The price of [power-plant] conversion – Thunder Bay Chronicle-Journal Editorial (August 13, 2012)

The Thunder Bay Chronicle-Journal is the daily newspaper of Northwestern Ontario.

ONTARIO’S plan to close all of its coal-fired power plants by 2014 has suffered another setback and a Thunder Bay city councillor wants to make sure it doesn’t last long. Larry Hebert, a former city hydro official, has revealed that conversion of the Thunder Bay Generating Station from coal to natural gas is on hold because two branches of Ontario’s energy kingdom can’t agree on price. Hebert worries that advancing climate changes could result in a combination of low winter snow and summer drought that stretches hydro dams’ ability to power the Northwest coinciding with the scheduled plant closure in just over two years.

Ontario has failed to meet earlier targets to shut down the dirty coal plants because it could not get alternate energy sources up and running. It is now trying to encourage wind and solar power projects while it converts the remaining coal plants to gas or, in the case of Atikokan, forest biomass. And it cancelled two gas plant projects in southern Ontario to save Liberal seats in the last election, the costs of which will be staggering.

These are all large-scale projects that need long lead times and jobs of this scale inevitably run into delays. That is why Hebert wants council to agree tonight to petition the Energy minister to force a price agreement to get the Thunder Bay plant conversion back on track.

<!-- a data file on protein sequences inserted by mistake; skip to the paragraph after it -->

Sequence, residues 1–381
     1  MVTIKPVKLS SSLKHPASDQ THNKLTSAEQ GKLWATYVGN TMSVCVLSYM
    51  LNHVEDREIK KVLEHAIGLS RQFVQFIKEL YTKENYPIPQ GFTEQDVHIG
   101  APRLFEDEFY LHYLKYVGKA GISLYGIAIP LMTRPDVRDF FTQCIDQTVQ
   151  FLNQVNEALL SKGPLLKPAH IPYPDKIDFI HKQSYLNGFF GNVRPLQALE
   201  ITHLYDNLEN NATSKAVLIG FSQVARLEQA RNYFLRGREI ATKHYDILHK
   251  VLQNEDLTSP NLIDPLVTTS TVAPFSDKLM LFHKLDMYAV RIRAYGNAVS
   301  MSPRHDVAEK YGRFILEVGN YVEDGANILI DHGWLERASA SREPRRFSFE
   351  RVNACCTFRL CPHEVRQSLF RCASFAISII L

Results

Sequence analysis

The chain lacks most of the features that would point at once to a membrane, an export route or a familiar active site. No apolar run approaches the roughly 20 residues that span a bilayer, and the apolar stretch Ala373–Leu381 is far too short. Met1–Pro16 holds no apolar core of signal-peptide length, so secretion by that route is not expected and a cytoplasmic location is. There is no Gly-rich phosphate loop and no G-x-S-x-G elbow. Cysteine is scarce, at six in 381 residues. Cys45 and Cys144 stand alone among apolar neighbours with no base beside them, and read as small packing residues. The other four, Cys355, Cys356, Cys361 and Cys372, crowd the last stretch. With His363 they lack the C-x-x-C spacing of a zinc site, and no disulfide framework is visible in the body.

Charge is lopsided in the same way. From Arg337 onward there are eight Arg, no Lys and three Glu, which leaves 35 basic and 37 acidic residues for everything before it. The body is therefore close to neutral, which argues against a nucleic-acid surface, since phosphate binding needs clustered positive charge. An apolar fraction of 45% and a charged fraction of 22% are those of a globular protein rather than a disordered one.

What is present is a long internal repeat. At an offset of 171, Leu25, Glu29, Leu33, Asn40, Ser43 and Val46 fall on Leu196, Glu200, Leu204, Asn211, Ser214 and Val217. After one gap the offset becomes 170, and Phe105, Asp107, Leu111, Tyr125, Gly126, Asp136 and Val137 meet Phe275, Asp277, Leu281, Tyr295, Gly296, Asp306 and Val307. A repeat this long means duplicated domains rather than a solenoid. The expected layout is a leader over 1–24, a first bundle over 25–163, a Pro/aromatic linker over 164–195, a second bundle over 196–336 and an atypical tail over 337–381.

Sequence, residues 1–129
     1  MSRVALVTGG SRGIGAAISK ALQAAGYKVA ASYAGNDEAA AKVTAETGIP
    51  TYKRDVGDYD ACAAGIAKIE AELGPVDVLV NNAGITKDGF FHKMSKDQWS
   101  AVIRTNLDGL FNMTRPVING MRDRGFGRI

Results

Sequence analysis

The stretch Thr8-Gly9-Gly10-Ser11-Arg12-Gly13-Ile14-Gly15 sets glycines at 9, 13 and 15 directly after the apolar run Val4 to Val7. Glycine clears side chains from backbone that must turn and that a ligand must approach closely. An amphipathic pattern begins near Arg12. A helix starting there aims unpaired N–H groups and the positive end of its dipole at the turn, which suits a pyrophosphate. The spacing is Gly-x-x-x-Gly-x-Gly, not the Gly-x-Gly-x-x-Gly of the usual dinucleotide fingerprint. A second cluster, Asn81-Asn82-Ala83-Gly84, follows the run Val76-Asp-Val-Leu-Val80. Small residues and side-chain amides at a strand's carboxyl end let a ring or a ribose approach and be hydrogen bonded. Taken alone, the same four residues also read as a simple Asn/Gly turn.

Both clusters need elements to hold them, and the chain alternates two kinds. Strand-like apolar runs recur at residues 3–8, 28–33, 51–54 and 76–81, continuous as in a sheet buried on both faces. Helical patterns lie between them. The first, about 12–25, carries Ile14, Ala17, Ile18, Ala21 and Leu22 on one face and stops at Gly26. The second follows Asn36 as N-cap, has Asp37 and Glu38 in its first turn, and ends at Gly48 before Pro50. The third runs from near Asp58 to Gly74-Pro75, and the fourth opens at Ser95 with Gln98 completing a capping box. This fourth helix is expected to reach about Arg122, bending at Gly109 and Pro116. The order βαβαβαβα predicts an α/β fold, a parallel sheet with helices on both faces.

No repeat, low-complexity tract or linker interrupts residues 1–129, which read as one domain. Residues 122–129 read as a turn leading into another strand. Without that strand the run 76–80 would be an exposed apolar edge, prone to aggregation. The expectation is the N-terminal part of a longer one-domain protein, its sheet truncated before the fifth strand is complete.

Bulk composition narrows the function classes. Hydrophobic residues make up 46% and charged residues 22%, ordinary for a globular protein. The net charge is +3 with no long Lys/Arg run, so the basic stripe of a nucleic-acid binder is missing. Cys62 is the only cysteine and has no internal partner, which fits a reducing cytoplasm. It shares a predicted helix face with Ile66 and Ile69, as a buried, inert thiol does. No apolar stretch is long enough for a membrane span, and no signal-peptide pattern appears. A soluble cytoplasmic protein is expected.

The breakup of the former Ontario Hydro into a series of agencies to plan, produce and sell electricity has driven up costs and caused many observers to recommend a simpler structure.

In this case, Ontario Power Generation has called a halt to project engineering work at the Thunder Bay generating station on Mission Island because OPG can’t strike a power purchase agreement with the Ontario Power Authority.

Essentially, OPG is worried that it will not be able to recover the cost of the conversion.

How did it come to this? Is there so little political oversight during a long hot summer that one of the government’s leading priorities is held up by two of its own agencies haggling over price?

City council should support Hebert’s motion with all due haste. If that plant isn’t running on schedule, rolling brownouts or even blackouts could occur. Not acceptable, given the lead time available.

Is this an argument for the Nor’Wester wind farm?

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